Soon you're back on the Trans Canada Highway and passing through small towns like Spanish, Blind River and Bruce Mines. Sault Ste Marie is a border city with approx 80,000 residents. The Soo Locks are an interesting place to visit although, nowadays, the ships entering Lake Superior on this route, do so on the Michigan side of the lake.
Our recommended campgrounds here are KOA Sault Ste. Marie and Glenview Cottages and Campground. These campgrounds offer CanaDream guests a 10% discount on their stay. Check in for your next two nights' stay in "the Soo" and spend a relaxing evening in this interesting city.
Advance reservations are essential, however the fall colours in the Agawa Canyon are not to be missed. Take a rest from driving today and sit back in the comfort of CN Rail’s Agawa Canyon Tour Train. This one-day wilderness excursion will take you 114 miles north of Sault Ste. Marie, over towering trestles, alongside pristine northern lakes and rivers, and through the awesome granite rock formations and mixed forests of the Canadian Shield.
Just when you think you’ve seen it all, the train coasts 500 feet down to the floor of the Agawa Canyon, where you will have almost two hours to experience the pristine beauty up close. You can enjoy scenic walks on gravelled trails, four waterfalls or an invigorating climb up over 300 stairs to the breathtaking Lookout platform, perched 250 feet above the tracks. Though peak colour varies with each season, the last two weeks of September and the first week in October can offer the most spectacular colour in the Algoma Valley.
Retrace your steps today back as far as McKerrow. Then continue east on Highway 17 to Sudbury. Here you might like to take time out to visit Science North, Northern Ontario's most popular tourist attraction. An architectural wonder, its two giant stainless steel snowflakes are linked by an underground tunnel carved out of two-billion-year-old rock.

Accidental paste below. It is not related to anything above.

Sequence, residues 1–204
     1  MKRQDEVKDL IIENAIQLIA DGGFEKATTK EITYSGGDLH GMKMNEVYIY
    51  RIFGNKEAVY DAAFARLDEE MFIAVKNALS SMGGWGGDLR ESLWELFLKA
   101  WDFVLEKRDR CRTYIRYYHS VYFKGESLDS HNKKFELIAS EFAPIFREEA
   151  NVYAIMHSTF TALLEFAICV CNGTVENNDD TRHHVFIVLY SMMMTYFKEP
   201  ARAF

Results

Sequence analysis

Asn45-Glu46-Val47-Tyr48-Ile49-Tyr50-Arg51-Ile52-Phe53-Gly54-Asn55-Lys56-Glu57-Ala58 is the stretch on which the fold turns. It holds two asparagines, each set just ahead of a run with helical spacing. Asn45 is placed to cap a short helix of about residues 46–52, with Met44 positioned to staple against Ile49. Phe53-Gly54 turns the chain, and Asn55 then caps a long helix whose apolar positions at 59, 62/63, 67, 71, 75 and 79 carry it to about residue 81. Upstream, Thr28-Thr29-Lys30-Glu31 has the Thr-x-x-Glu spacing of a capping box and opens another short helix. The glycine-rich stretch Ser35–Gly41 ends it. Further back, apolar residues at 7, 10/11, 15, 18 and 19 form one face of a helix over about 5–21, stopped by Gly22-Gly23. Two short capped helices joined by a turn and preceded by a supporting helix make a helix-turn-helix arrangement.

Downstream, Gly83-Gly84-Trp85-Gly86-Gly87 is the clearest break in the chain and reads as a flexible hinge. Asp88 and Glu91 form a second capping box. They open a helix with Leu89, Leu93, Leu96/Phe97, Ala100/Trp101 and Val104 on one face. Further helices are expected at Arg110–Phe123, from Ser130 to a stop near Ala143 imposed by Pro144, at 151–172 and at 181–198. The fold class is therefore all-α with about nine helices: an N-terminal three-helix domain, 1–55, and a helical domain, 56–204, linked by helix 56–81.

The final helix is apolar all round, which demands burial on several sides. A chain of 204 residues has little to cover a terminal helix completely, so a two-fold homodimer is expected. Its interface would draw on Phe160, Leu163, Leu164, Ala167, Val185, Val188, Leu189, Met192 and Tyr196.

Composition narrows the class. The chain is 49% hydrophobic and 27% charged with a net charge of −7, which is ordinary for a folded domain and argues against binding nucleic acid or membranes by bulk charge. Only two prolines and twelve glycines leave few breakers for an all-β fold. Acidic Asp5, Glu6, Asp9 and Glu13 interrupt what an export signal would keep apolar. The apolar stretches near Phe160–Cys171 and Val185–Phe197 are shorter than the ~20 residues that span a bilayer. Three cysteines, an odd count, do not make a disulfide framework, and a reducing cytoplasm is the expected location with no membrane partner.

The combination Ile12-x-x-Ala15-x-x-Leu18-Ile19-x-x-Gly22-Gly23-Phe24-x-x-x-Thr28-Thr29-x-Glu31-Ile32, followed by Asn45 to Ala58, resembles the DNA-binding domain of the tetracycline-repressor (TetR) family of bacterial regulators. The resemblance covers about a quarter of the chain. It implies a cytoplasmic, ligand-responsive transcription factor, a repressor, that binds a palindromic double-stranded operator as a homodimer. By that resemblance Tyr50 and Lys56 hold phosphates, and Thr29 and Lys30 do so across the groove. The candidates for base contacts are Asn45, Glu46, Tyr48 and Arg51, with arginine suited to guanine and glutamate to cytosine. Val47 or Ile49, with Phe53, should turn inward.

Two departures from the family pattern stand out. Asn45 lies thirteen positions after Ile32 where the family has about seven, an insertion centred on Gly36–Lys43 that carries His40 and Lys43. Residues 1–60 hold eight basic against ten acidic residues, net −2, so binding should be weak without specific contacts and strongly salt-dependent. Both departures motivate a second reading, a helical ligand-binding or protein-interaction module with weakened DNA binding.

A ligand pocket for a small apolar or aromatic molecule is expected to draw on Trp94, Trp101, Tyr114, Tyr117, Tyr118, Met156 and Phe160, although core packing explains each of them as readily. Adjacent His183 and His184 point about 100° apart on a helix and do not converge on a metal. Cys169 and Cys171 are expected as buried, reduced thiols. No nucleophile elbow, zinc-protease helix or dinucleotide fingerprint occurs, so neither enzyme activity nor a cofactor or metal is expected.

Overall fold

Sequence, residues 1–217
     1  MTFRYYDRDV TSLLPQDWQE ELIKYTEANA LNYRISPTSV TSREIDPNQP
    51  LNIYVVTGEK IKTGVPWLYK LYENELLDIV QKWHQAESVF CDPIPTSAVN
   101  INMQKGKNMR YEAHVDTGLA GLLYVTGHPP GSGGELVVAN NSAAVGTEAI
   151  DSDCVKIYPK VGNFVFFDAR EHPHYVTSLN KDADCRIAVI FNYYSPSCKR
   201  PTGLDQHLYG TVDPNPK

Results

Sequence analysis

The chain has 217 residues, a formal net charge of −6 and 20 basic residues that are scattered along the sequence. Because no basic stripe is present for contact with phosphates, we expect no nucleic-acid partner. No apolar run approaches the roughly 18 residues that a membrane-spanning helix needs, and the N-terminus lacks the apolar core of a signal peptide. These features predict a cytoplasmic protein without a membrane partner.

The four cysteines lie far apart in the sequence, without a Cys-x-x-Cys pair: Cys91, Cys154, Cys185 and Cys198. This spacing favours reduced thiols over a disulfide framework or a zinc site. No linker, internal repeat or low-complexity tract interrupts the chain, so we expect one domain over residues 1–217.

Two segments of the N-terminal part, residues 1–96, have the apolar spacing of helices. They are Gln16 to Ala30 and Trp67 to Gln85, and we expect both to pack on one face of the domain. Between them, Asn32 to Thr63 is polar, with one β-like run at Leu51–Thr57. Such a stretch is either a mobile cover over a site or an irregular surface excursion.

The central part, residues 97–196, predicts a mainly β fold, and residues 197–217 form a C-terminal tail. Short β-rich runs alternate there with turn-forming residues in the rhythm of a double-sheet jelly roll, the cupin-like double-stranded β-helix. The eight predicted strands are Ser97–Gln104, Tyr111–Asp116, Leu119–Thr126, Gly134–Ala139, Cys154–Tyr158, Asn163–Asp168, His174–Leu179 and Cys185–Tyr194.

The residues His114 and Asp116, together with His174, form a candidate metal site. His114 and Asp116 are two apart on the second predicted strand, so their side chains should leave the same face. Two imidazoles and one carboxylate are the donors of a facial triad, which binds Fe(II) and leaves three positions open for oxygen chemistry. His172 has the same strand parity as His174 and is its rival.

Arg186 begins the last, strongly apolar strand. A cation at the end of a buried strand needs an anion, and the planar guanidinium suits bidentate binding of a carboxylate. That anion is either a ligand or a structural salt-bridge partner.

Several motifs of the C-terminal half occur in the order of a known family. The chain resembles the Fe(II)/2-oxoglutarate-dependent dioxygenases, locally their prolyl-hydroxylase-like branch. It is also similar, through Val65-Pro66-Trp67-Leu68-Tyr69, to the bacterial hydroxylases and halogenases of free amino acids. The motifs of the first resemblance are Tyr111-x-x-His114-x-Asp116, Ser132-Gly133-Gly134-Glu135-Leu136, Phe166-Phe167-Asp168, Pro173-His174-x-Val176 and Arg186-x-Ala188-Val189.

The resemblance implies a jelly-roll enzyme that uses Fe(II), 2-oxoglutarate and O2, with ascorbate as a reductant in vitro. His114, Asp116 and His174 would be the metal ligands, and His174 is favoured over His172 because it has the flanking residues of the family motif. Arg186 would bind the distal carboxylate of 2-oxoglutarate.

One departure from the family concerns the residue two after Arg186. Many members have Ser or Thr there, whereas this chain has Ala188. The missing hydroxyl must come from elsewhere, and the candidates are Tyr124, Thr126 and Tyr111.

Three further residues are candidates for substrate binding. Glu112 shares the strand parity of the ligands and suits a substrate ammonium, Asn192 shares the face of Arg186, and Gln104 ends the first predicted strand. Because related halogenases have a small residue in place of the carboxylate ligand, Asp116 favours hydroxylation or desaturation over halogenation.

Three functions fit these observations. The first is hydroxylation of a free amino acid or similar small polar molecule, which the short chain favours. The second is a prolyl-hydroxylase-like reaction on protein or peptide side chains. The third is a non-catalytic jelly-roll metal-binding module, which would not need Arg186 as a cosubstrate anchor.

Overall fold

While in Sudbury, stop by the tourist information center for suggestions as to what to see on the next part of your journey to North Bay. If you’d prefer not to travel so far today, perhaps find a campsite to stay at just out of Sudbury and continue from there to Algonquin Provincial Park on Day Nine.
Driving time from Sudbury to Algonquin National Park is approximately 3 hours.
It’s a leisurely drive south today as you travel through picturesque small towns awash with sall color to Huntsville. Take a break here – perhaps visit the Muskoka Heritage Place and Pioneer Village and do some shopping before continuing on Highway 60 to the small towns of Dwight and Oxtongue Lake which are nestled against the southern border of Algonquin Provincial Park.
While there are full-service campgrounds outside of the provincial park, we recommend you stay at one of the unserviced campgrounds inside the Park, operated by Ontario Parks. Some have lakes and beaches within walking distance of your campsite. Advance reservations are recommended as Fall is a popular time in the Park.
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While summer may be the most usual time for a visit to Algonquin, autumn is probably the best time. The fall colours alone make a trip worthwhile, especially if you catch the maples at their peak in late September and early October. The spectacle of hundreds of square miles of red and golden orange forest, blue lakes, and evergreen shores is one that no one should miss.
Then, a couple of weeks later, the Aspens, the Tamaracks, and the Red Oaks hit their best and put on another interesting show before giving way to a more subdued November. There is much more to autumn in Algonquin, however, than the colours. Cool nights and sunny days with no biting insects make it an ideal time to camp and hike. The woods are still, the horizon stands out sharply across lakes of glass and, for much of the time, you'll have large parts of the Park to yourself.
Spend another night in this amazing place before continuing your journey tomorrow to Peterborough.
You have a choice of routes today as you head south towards Peterborough. If you’re on Highway 60 we suggest you travel east towards Barry’s Bay then turn right at Highway 62 continuing south on Highway 62 to Maynooth and Bancroft to Peterborough. Alternatively, from Highway 60 you can head south at Dwight on Highway 35 and travel through Dorset, Minden and Coboconk.
From Coboconk there are a number of highways you can take but we suggest you take Highway 8 east to Bobcaygeon then Highway 36 through Nogies Creek before heading south to Peterborough on Highway 23. In Peterborough, there's a city-owned campground in Beavermead Park which you might like to check out for your overnight stay.
Today's a 'free' day to do as you choose. It's only a short drive back to our Toronto location so there's plenty of time to explore the area. Stop in towns along the way or head straight to the city and explore some of the discounts offered through our partners on our CanaDream app.